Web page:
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X-MEN: THE LAST STAND

X-Treme Action
In a film series noted for its huge set pieces and explosive fighting sequences, X-MEN: THE LAST STAND takes the action to a new level. Simon Crane, one of the industry's top second unit directors and stunt coordinators, worked closely with Brett Ratner to create the action sequences, and design the fights and fighting styles.

Crane had just wrapped the blockbuster action film "Mr. and Mrs. Smith,” where he put Brad Pitt and Angelina Jolie through their paces, when he was approached for X-MEN: THE LAST STAND. His mandate was to create action never before seen on film, to find new ways of filming fight scenes, and stage action that's motivated by the story and drives it forward. Crane worked closely with Academy Award® winning visual effects supervisor John Bruno, judiciously blending stunts, special effects and CG to make the action sequences both massive and believable.

One of Crane's principal tasks was to re-create from the comics, Wolverine's "berserker rage” fighting style – a mad, white rage that makes him virtually unstoppable. "Wolverine's fighting style in the first two films was great, but for the new film we wanted to explore the comics' fighting style,” says Crane. "Most of the time, Wolverine's fighting only for Wolverine. Here, he's fighting for something bigger and therefore he fights harder, fiercer. We're going to see a Wolverine who's really angry.”

Hugh Jackman, whose preparation for the action scenes included spending hundreds of hours in the gym, and a special fight training program, elaborates: "In ‘X-Men' and ‘X2,' my fighting style was ‘slicing-and-dicing.'. But for this film, I wanted to go back to the comics, which had brilliantly conceived fight scenes.”

Although Wolverine is decidedly earthbound, he took to the air – with help from Colossus' super-strong right arm – for scenes depicting a fan-favorite element from the comics called the "fastball special.” Crane and his team hurtled the actor on a wire – at speeds up to 80 miles per hour – through a forest. "It was a phenomenal experience,” says Jackman. "And no CG!”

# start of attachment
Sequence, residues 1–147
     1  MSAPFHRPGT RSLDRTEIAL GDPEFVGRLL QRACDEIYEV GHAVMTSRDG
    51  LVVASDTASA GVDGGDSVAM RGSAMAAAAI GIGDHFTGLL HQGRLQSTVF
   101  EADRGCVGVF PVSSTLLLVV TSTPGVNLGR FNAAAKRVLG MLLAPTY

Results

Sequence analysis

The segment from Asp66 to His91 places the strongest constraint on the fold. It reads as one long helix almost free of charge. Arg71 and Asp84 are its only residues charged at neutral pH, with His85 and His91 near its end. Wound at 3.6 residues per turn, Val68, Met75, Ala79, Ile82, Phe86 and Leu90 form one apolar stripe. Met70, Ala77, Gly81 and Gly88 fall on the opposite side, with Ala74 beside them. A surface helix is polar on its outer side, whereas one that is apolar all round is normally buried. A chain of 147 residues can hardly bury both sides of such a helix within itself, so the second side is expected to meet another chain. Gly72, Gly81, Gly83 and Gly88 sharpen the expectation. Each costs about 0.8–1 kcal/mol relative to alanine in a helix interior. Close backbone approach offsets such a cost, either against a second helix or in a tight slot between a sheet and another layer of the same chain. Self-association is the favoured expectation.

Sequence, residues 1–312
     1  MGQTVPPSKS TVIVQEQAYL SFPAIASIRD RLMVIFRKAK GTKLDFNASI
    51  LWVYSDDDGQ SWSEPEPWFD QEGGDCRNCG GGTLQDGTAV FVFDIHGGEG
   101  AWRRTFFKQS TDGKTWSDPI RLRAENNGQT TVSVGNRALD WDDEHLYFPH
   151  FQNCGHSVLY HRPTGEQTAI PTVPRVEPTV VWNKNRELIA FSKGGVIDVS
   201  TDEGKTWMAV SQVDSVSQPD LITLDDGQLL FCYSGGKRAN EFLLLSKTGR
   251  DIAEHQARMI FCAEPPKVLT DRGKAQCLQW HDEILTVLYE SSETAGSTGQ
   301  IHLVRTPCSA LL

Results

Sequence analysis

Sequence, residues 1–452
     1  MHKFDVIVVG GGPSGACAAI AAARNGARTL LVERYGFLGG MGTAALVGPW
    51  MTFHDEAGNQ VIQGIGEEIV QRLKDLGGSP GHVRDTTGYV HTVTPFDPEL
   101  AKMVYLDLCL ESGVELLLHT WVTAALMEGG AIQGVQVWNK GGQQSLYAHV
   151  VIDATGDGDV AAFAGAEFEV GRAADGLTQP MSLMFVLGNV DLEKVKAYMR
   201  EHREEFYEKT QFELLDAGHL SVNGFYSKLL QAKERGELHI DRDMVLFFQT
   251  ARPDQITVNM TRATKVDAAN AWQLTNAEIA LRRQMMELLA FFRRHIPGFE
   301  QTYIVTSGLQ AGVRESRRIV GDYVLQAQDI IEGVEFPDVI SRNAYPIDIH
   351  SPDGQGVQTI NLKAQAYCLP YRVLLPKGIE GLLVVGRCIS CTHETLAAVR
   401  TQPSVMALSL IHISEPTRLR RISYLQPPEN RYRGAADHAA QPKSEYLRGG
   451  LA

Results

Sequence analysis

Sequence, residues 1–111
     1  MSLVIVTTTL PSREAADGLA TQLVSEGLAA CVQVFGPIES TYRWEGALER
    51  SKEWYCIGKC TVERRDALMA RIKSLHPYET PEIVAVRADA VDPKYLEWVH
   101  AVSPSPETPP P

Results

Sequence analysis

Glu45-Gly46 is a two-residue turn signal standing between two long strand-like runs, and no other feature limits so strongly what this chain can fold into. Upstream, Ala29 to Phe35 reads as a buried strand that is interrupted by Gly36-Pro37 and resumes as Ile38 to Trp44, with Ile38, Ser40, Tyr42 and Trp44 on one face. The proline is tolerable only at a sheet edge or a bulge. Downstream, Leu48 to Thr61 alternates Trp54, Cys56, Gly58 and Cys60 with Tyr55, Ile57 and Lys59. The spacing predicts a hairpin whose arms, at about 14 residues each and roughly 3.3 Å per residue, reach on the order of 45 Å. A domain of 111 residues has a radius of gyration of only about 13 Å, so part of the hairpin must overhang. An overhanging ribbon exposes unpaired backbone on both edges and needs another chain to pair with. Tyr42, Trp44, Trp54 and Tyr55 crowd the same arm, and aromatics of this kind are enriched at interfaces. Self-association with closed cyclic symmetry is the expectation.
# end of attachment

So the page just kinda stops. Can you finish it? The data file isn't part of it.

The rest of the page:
Halle Berry's Storm can fly, a capability left unrealized in the first two films. "I know it seems like a little thing, but I've been saying since the first movie: ‘I just want to fly!'” laughs Berry.

In X-MEN: THE LAST STAND, Berry finally gets her wish. For a scene in which Storm takes to the skies, spinning like a tornado, Berry completed 24 revolutions in just two or three seconds. Says Brett Ratner: "It's such a spectacular stunt, that nobody's going to believe Halle did it. But she did.” The dizzying wirework had Berry taking Dramamine to combat motion sickness.

In addition to devising new fighting and flying techniques, Crane oversaw the film's big action set pieces. In one scene, Magneto throws cars from the Golden Gate Bridge onto Alcatraz, as Pyro ignites them in mid-air, and the fiery vehicles rain down on the X-Men. The Golden Gate Bridge figures in the film's biggest event, as Magneto takes control of the San Francisco landmark, ripping it off its foundations and using it, literally, as a gateway to Alcatraz: ground zero for the cure's development and distribution. This scene, the biggest in any "X-Men” film, again represented the work of Crane, visual effects supervisor John Bruno, and production designer Edward Verreaux – all under Brett Ratner's watchful eye.

"The Golden Gate Bridge sequence is Magneto at his most intense,” says John Bruno, an Oscar® winner and frequent James Cameron collaborator ("Titanic,” "Terminator 2: Judgment Day”). "It's the biggest visual effects scene in the series.” The visual effects and art direction groups built a full-size section of the bridge and a section of Alcatraz. Bruno and his team digitally extended the latter, blending the practical sets with the computerized images. In addition, they built detailed miniatures that were used for referenc

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